Huayna Picchu can only be climbed as part of a special ticket that combines Circuit 4 and the peak itself. Daily visitor caps for these tickets are limited to 300 per day, and these tend to sell out several months in advance. Permits are spread across hourly entry slots, beginning at 7am and ending at 10am.

Machu Picchu can only be climbed as part of a similar ticket that combines Circuit 3 and the peak. The daily cap for Machu Picchu Mountain is even lower, at 100 people per day and the hike must begin at either 7 or 8 am.

While visits to the ruins are only permitted with an official guide, both mountain hikes can be tackled alone if desired. Due to the early start times, an overnight stay in Aguas Calientes (the town located at the base of the mountains and from where buses will transfer you to the start of the hikes) is generally required.

INKATERRA ©

Machu Picchu’s popularity has led to a lot of excellent-quality accommodation in Aguas Calientes.

 

Can I visit the ruins themselves too?

While your ticket will allow you guided access to the ruins, it is important to note that neither of the circuits available when climbing one of these peaks (circuits 3 or 4) will allow you the classic view of Machu Picchu (pictured below), since both trails enter the citadel at a much lower point.

For this reason, we recommend that anyone doing either of the mountain treks purchases a second ticket to do circuit 2 either the day before or the morning after. This is the most complete circuit and includes access to the classic viewpoint.

All of the circuits around the ruins themselves are relatively easy walks for anyone with moderate mobility and require only a base level of fitness.

 

Would we recommend Huayna or Machu Picchu Mountain?

Both mountains provide breath-taking vistas of the surrounding emerald peaks and the ruins below, giving you an idea of what a feat it must have been to construct a citadel this high up.

Both are also a good alternative to the Inca Trail if you enjoy hiking but haven’t the time or if permits aren’t available.

For families, it is more advisable to tackle Machu Picchu Mountain as, despite having a longer duration, the hike has wider paths and a gentler gradient.

Which one is better for you will largely depend on your experience hiking other mountains and your level of health and fitness, but you must also consider which views will most appeal to you, remembering of course that fog will occasionally obscure the ruins completely.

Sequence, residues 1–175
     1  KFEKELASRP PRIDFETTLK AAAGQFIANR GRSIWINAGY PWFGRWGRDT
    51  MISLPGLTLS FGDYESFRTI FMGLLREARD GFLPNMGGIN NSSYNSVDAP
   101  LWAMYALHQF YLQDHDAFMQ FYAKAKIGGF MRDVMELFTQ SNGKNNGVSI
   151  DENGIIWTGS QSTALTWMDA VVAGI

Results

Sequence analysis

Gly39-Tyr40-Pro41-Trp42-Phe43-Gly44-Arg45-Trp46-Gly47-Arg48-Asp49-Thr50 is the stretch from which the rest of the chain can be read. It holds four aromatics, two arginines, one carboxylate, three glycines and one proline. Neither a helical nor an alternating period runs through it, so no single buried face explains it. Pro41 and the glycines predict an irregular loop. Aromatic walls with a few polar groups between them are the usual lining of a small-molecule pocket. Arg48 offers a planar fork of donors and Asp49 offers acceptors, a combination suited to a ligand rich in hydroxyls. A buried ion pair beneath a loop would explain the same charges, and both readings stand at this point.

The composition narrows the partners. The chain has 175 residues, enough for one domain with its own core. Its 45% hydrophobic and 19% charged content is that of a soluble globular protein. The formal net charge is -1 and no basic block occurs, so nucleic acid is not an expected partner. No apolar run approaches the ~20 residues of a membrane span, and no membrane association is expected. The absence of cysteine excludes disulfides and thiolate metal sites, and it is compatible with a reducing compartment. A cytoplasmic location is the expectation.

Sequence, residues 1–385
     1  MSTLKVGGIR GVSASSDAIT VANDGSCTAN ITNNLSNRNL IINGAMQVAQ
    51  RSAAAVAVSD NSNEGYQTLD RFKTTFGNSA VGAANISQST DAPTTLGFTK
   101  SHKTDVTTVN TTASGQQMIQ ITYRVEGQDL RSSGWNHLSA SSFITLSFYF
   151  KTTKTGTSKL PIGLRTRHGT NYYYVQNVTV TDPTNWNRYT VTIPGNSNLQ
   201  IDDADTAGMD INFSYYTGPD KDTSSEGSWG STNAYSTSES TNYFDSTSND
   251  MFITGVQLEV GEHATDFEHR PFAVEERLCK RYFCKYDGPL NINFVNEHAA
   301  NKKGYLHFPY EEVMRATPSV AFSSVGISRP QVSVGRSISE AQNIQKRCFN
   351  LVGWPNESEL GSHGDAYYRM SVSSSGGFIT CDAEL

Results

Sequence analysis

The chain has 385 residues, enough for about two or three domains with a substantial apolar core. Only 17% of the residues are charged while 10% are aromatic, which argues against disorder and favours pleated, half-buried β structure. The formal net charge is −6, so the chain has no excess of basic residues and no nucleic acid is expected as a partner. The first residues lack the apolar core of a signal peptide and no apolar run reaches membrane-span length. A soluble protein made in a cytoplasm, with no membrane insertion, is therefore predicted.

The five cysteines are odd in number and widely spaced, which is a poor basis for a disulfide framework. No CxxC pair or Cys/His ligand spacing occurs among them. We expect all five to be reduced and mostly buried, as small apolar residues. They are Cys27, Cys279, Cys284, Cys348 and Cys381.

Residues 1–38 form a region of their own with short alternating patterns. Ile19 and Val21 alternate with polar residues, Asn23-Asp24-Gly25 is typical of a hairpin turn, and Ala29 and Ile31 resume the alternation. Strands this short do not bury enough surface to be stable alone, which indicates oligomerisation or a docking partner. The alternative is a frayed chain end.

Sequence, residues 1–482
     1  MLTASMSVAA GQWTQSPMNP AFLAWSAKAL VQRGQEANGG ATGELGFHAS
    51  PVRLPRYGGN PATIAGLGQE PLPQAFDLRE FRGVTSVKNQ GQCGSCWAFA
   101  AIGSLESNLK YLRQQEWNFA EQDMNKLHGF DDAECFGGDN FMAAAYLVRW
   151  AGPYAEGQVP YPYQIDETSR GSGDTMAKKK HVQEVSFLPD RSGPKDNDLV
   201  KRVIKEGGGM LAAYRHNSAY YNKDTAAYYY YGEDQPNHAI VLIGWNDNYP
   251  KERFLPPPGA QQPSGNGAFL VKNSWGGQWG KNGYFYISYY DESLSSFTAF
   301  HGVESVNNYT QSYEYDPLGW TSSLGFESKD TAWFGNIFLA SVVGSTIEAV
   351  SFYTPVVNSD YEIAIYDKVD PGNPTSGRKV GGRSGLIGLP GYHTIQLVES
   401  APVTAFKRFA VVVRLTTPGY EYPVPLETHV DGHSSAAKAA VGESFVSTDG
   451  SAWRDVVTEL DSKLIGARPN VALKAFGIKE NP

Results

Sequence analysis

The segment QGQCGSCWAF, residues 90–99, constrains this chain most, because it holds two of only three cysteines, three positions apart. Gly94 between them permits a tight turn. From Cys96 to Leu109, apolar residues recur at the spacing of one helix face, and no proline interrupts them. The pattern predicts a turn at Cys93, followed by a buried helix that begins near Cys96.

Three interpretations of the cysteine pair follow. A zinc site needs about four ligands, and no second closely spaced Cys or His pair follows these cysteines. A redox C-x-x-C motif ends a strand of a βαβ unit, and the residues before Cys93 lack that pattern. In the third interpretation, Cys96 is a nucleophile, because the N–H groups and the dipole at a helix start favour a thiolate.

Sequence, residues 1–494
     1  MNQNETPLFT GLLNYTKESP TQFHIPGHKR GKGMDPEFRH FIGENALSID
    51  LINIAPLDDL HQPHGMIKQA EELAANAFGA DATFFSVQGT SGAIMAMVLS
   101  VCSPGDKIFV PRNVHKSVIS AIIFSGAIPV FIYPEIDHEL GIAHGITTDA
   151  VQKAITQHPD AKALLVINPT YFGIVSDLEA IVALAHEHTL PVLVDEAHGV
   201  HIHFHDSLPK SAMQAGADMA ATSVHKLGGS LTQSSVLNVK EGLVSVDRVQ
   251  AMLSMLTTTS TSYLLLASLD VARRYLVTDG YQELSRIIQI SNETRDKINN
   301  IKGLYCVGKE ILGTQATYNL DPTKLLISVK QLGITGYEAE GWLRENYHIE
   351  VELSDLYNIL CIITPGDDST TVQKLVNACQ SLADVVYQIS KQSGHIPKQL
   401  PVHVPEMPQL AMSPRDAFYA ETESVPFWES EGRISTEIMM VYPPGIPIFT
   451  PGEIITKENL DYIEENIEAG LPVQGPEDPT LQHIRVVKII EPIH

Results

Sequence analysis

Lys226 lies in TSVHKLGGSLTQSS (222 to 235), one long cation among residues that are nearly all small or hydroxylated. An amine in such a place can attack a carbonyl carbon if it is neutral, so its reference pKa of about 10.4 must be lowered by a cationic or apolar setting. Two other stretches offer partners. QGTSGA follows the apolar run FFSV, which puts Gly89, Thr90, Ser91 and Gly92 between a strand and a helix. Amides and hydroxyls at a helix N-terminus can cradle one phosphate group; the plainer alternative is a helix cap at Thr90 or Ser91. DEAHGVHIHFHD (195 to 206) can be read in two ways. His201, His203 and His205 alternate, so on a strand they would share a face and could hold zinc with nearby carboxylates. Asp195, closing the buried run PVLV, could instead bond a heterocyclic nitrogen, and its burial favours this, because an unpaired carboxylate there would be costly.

If you would like to discuss your options further, simply give one of our travel specialists a call.

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    Juliet Ellwood - Travel Expert

    After graduating with a degree in Anthropology and History and having been fascinated by Latin America since childhood by the book featuring photos of Nazca, Juliet first visited the region in 2003. Since then, Juliet has visited the majority of countries in Latin America but has particularly extensive experience with Peru, a country she loves for many reasons but not least, its incredible archaeological richness and delicious food!

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    A former Journey Latin America tour leader, Sally spent 7 years working, travelling and living throughout Latin America before returning to the UK to help people arrange their own adventures to this wonderful destination.

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    Ben fell in love with Latin America on a six month backpacking trip from Colombia to Mexico in 1995. Since then he has explored most of South America, including living in Peru for a year. He is now Head of Sales.

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    Hannah had an early introduction to Latin America when her family moved to Ecuador and she returned to study in Buenos Aires for a year before backpacking across the continent.

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    Sophie lived in Chile before joining us and has travelled extensively across Latin America, from Mexico to the furthest tip of Patagonia and beyond to Antarctica.

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    Lina Fuller - Travel Expert

    Lina's passion for the continent where she was born really took off when she moved to Córdoba (Argentina) to study, spending the holidays travelling between Argentina and her native Colombia.